For fans of the Apple iPhone, the unveiling of the new iPhone OS 4.0 is a big deal. It's the first time, after all, iPhone users will be able to do basic things such as multitasking, setting their own wallpapers and placing folders on their home screens.
For the rest of the smartphone world, however, these features are old news. The truth about Apple's iPhone 4.0 update is that - despite Steve Jobs' tendency to describe it as amazing, wonderful and delightful - it doesn't offer anything substantial that Android-powered devices haven't offered for quite some time.
That's why the iPhone's new software alone shouldn't pose much threat to Android's ever-increasing growth within the mobile market.
Apple iPhone 4.0 and Android
Let's face it: multitasking, the flagship feature of the new iPhone OS, is a key component of the Android experience. While Jobs may claim the iPhone OS 4.0's multitasking interface is the best, it'd be surprising if its existence made much of a dent in Android's momentum - especially when you consider that Apple will allow multitasking only in carefully defined and limited circumstances.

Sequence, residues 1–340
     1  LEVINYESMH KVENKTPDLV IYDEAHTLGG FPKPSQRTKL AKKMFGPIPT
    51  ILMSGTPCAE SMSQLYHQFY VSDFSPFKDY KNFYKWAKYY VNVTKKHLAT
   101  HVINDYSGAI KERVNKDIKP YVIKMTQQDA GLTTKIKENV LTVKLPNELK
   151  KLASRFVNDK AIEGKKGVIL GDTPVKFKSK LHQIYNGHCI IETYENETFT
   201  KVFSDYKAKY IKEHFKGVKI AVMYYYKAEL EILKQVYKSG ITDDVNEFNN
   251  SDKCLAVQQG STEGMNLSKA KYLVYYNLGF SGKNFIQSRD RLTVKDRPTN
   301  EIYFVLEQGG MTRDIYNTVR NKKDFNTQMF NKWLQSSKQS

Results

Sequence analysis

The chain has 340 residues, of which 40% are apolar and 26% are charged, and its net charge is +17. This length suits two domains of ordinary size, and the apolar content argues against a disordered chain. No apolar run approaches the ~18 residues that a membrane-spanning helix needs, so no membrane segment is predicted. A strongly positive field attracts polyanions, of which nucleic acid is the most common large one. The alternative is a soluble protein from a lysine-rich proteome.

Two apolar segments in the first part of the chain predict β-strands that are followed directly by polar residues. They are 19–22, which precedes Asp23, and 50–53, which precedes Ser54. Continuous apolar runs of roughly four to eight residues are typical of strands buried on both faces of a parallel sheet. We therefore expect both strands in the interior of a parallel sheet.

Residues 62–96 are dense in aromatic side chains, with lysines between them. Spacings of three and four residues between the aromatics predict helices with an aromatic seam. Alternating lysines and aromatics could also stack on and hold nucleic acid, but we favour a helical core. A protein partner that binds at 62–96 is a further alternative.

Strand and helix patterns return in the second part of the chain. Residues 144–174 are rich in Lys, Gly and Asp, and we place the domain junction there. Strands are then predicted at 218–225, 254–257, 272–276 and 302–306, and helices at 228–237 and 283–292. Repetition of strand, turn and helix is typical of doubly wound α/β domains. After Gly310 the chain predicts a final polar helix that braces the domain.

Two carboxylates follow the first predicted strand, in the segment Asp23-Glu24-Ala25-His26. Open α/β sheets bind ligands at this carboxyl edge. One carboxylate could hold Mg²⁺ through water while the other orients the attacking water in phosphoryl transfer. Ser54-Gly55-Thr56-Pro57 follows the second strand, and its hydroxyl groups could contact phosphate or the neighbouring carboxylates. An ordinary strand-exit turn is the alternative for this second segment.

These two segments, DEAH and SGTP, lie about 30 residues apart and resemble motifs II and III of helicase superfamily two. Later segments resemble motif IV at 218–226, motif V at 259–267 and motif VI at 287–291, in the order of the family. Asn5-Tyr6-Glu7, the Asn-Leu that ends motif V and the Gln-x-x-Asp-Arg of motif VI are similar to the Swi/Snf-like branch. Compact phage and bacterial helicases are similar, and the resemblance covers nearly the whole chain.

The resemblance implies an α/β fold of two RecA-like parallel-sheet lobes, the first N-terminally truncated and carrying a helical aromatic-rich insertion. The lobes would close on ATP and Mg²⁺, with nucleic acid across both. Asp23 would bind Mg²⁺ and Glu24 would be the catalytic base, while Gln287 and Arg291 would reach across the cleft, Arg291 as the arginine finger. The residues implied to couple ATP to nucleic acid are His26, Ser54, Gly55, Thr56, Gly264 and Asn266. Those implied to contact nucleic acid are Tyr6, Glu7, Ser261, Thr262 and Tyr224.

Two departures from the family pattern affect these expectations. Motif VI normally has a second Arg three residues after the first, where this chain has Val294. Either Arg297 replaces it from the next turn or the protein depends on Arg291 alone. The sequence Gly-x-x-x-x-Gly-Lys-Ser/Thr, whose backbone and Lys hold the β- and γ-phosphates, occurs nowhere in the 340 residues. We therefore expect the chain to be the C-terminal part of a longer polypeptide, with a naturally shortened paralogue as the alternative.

This may be done in the name of improving the user experience, but it still accomplishes that by restricting what the user can do - something Android goes to great lengths to avoid.
Moving down the list, the wallpaper and folder settings introduced in Apple's iPhone OS 4.0 are a tiny slice of the home-screen customisation options available on Android devices. And the iPhone's new unified mailbox is already a core element of the Android OS, too.
The iPhone 4's iBooks integration and Game Center network, then, are really the update's two features that could offer unique commercial appeal. But these are both closed, proprietary systems that limit your life to Apple's ecosystem - and that tends to be something the type of person who veers to Android doesn't appreciate.
iPhone OS 4.0 in the mobile market
Where Apple's iPhone OS 4.0 could succeed is in encouraging owners of the iPhone 3G and the original iPhone to upgrade in order to reap the software's full benefits (the iPhone 3G will support some of the 4.0 update's features, while the original iPhone will not be compatible at all). In terms of large-scale market impact, however, I'd be surprised if the software alone does much to dampen Android's growth; put simply, the update feels more like Apple trying to catch up than Apple fighting to pull ahead.
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